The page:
If we want to see the Last Supper as presenting a natural vision of salvation, what greater vision could there be than to embed the structure of planetary time within it?

I earlier mentioned Leonardo's comment that "The earth is not in the centre of the Sun's orbit nor at the centre of the universe, but in the centre of its companion elements, and united with them." (858) He also says "The sun does not move". (886) These comments are heliocentric, and were written by Leonardo in his Notebooks half a century before the heliocentric theory of Copernicus became known. I want to focus though on the mysterious "companion elements" that the earth is "united with". Leonardo makes mention of water as one of the "four elements" (931), with the other three being fire, earth and air. We are of course used to rejecting this framework as made obsolete by physics, but that is to ignore the basically cyclic and ordered vision it presents of space and time. Spatially, earth in the centre is surrounded in order by water (ocean), air (atmosphere) and fire (stars). Temporally, these four elements also traditionally mark the annual cycle of the months and of the seasons in the symbolism of the zodiac. So Leonardo is saying that the earth is united with the zodiac, an idea that reflects the Hermetic theme ‘as above so below’. Leonardo has just one cryptic mention of “Hermes the philosopher” (1425) in his Notebooks, but this intriguing mention of a Greek God as a philosopher is entirely Hermetic.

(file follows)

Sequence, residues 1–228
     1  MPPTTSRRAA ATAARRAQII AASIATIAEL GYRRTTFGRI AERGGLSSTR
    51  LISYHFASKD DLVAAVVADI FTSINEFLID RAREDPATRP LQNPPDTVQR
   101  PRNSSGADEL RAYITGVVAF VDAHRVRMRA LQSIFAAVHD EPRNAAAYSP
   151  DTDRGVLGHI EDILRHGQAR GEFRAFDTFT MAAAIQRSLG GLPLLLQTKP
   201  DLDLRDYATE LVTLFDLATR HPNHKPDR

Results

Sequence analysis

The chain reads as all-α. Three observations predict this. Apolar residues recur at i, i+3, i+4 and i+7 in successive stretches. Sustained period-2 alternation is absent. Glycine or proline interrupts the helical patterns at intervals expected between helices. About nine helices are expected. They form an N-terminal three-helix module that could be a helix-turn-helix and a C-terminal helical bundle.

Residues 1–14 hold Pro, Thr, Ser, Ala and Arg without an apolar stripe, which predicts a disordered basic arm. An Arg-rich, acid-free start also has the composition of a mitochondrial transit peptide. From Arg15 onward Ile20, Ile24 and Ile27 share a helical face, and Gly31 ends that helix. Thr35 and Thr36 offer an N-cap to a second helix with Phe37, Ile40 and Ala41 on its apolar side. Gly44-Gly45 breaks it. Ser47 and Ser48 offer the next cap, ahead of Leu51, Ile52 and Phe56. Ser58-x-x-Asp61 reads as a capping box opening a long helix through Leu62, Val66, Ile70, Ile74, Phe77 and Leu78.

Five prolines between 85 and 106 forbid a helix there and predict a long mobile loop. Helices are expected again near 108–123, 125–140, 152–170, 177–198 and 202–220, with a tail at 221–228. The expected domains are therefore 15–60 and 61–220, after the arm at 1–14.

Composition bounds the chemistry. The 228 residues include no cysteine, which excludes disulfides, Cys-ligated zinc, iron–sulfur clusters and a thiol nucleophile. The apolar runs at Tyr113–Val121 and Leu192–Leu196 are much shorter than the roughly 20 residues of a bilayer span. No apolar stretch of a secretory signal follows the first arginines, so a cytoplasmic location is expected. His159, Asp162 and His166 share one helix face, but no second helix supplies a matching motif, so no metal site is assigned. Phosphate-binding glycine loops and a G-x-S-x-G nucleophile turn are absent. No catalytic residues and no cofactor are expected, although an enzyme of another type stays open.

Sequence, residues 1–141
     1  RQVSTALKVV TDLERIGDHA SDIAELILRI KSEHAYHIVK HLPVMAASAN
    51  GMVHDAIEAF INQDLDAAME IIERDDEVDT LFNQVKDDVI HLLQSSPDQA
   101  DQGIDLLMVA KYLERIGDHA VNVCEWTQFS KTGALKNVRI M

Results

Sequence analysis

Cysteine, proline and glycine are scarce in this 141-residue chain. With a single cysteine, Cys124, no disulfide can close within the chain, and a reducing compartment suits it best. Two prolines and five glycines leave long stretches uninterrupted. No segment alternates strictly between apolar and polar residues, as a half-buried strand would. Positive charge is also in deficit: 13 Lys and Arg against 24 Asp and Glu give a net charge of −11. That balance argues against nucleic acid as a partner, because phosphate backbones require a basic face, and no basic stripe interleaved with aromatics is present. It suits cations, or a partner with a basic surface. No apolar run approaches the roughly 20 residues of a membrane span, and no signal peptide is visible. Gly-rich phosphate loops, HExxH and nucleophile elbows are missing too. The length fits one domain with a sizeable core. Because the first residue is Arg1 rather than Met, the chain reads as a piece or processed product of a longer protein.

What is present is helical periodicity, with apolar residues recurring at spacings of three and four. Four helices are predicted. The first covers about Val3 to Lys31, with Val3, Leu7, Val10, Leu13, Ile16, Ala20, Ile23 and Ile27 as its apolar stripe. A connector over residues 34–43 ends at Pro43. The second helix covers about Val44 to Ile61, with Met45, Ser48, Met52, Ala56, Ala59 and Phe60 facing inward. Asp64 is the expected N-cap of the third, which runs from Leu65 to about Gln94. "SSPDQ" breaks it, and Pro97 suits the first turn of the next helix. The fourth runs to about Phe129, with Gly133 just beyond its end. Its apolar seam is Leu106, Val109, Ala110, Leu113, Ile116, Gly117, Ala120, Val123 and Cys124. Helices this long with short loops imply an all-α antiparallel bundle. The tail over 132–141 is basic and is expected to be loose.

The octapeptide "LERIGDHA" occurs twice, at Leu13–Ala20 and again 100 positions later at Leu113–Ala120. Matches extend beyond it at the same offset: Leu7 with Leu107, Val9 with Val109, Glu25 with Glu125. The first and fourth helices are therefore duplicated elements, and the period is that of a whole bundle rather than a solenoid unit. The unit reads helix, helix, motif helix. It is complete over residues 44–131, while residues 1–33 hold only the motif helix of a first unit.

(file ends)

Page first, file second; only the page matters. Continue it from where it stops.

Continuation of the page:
Why Leonardo would have wanted to keep all this secret is actually rather obvious, considering the public hostility to such material. The Rosicrucians, the order of the rosy cross, styled themselves as invisible. Their forebears the Templars gave the name to black Friday, when the Pope secretly tried to kill them all on Friday the 13th 1307.

The defining motif in the Last Supper is the placement of Christ as the sun at the centre of the zodiac. Just as a sphere can be touched by precisely twelve equally sized spheres, and just as carbon, the atom of life, has twelve particles in its nucleus, our solar system contains natural multiples of twelve. The rough relation between the periods of the moon, the earth and Jupiter embed the number twelve. The practical utility of twelve is shown in the clock, with its equal divisions in two, three, four and six. If we see the sun as having twelve faces, one for each month, by this allegory Christ unites the twelve into an eternal unity.

Gnostic tradition saw the divine in nature. Suppression of such ideas as heresy meant they could not be spoken openly in Leonardo’s day. Yet, if Leonardo was sympathetic to such thinking of Hermes the philosopher, what better way to express it than in a painting that seems to validate Christian dogma while actually pointing to a higher truth?



Last edited by Robert Tulip on Mon Feb 14, 2011 6:30 am, edited 2 times in total.



The following user would like to thank Robert Tulip for this post:
geo
Mon Feb 14, 2011 6:23 am